Ben Carson slanders Islam: Here’s exactly why his claims about Muslims are dead wrong
Originally published in Patheos
In his recent anti-Muslim crusade, Ben Carson promoted a disturbing form of religious segregation, claiming that a Muslim should only be president if he or she “renounces the tenets of Islam.
Under Dr. Carson’s crusade of religious segregation, some Americans appear to have forgotten the First Amendment’s fundamental religious freedom guarantee, and likewise Article VI of the Constitution, which forbids religious tests for any government office. Like his racial segregationist predecessors, Dr. Carson demonstrates that the Constitution is suddenly meaningless when influential politicians use fear and hate to advance their agenda.
Undeterred from his myopic comments on CNN and the resulting blowback last week, Carson advanced his religious segregationist views in a recent email to his constituents, claiming that “Under Shariah law, women must be subservient and people following other religions must be killed.”
Dr. Carson defends these claims by arguing that he “hate[s] political correctness. It’s dangerous.” More dangerous, however, are his patently false claims about women in Islam, and Islam’s view of non-Muslims. If Dr. Carson is correct—and unfortunately his rising poll figures indicate that enough Americans believe he is correct—then America’s 3 million Muslims are obliged to make America’s 170 million women subservient and likewise kill the nation’s 330 million non-Muslims. Both concepts are beyond absurd and wholly unfounded in Islam.
For example, far from Dr. Carson’s claim that in Islam women are subservient, Islam gave women equal rights in 610 that our own United States haven’t given even in 2015. To this day America has not passed the Equal Rights Amendment. Meanwhile the Quran 33:36 emphatically declares the equality of men and women:
“Surely, men who submit themselves to God and women who submit themselves to Him…God has prepared for all of them forgiveness and a great reward.”
Carson’s parents divorced when he was 8—a right American women didn’t have until the 19th century. Meanwhile, Islam was the first religion to give women the right to choose to marry or to divorce, the right to own property, to become secular or religious scholars, the right to inherit, or to run a business—all in the 7th century.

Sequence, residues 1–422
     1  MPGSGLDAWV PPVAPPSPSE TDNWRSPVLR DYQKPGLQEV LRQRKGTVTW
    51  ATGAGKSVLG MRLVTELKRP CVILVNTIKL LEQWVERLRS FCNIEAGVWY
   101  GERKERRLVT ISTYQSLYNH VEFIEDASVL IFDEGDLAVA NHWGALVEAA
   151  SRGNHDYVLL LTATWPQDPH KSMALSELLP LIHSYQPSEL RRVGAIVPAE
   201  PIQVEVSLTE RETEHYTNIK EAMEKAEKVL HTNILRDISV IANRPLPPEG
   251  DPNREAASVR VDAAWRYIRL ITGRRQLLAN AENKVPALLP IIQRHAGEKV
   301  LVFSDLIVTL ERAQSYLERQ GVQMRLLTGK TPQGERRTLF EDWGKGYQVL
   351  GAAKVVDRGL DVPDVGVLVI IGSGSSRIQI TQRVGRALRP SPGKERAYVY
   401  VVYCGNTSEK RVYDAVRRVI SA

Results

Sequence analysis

Ayesha, wife of Muhammad, is recognized as one of the foremost legal scholars in Islamic history. Meanwhile, American women finally earn legal recognition as lawyers in the late 1800s. While women of color in 2015 America continue to lag behind white women in terms of college graduation rates and access to financial resources, Fatimah al-Fihri, an African Muslim woman scholar, used her inheritance from her father to establish the world’s first University, al-Qarawiyyin University in 859 C.E.
Prophet Muhammad repeatedly declared, “It is incumbent upon every Muslim male and every Muslim female to attain education.”
Dr. Carson’s second claim, that Shariah requires killing people of other faiths, is highly objectionable to both the Quran and the Prophet Muhammad. In truth, the Qur’an only permits fighting in self-defense, or to protect “churches, synagogues, temples, and mosques” from attack. Prophet Muhammad issued numerous charters with Christians, Jews, and pagans to affirm his commitment to universal religious freedom and equal human rights for all people regardless of faith. Throughout history non-Muslim historians have praised Muhammad for his pluralism and tolerance.
While extremists have no doubt attempted to malign true Islam, Dr. Carson should recognize that a president’s role is to build bridges of peace and understanding—not fear and intolerance. Just as the George Wallaces of Dr. Carson’s childhood are remembered with disdain for their racial segregationist views, Dr. Carson risks a future where our children remember him in disdain for his religious segregationist views.
America was founded on the ideal of religious pluralism, not religious segregation. It doesn’t take a neurosurgeon to realize this fact.
Actually, I take that back.